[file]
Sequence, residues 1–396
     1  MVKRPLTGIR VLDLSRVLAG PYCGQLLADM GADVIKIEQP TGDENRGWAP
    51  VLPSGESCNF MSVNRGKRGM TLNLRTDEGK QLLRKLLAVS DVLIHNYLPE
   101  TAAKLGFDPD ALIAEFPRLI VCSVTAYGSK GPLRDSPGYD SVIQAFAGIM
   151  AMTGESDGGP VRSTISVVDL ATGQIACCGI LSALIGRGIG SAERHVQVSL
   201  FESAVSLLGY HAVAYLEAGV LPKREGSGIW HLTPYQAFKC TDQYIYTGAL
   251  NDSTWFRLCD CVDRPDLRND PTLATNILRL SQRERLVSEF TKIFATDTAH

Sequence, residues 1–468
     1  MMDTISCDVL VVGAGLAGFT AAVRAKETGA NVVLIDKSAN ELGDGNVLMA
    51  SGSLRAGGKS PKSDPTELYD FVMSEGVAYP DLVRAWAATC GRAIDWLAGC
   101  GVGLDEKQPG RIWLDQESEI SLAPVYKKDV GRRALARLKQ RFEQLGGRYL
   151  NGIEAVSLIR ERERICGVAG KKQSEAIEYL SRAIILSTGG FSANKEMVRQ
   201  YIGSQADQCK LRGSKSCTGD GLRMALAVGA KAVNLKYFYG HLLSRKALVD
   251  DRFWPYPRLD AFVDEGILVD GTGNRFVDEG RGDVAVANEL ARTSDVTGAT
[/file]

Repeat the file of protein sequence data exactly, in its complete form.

Sequence, residues 1–396
     1  MVKRPLTGIR VLDLSRVLAG PYCGQLLADM GADVIKIEQP TGDENRGWAP
    51  VLPSGESCNF MSVNRGKRGM TLNLRTDEGK QLLRKLLAVS DVLIHNYLPE
   101  TAAKLGFDPD ALIAEFPRLI VCSVTAYGSK GPLRDSPGYD SVIQAFAGIM
   151  AMTGESDGGP VRSTISVVDL ATGQIACCGI LSALIGRGIG SAERHVQVSL
   201  FESAVSLLGY HAVAYLEAGV LPKREGSGIW HLTPYQAFKC TDQYIYTGAL
   251  NDSTWFRLCD CVDRPDLRND PTLATNILRL SQRERLVSEF TKIFATDTAH

Sequence, residues 1–468
     1  MMDTISCDVL VVGAGLAGFT AAVRAKETGA NVVLIDKSAN ELGDGNVLMA
    51  SGSLRAGGKS PKSDPTELYD FVMSEGVAYP DLVRAWAATC GRAIDWLAGC
   101  GVGLDEKQPG RIWLDQESEI SLAPVYKKDV GRRALARLKQ RFEQLGGRYL
   151  NGIEAVSLIR ERERICGVAG KKQSEAIEYL SRAIILSTGG FSANKEMVRQ
   201  YIGSQADQCK LRGSKSCTGD GLRMALAVGA KAVNLKYFYG HLLSRKALVD
   251  DRFWPYPRLD AFVDEGILVD GTGNRFVDEG RGDVAVANEL ARTSDVTGAT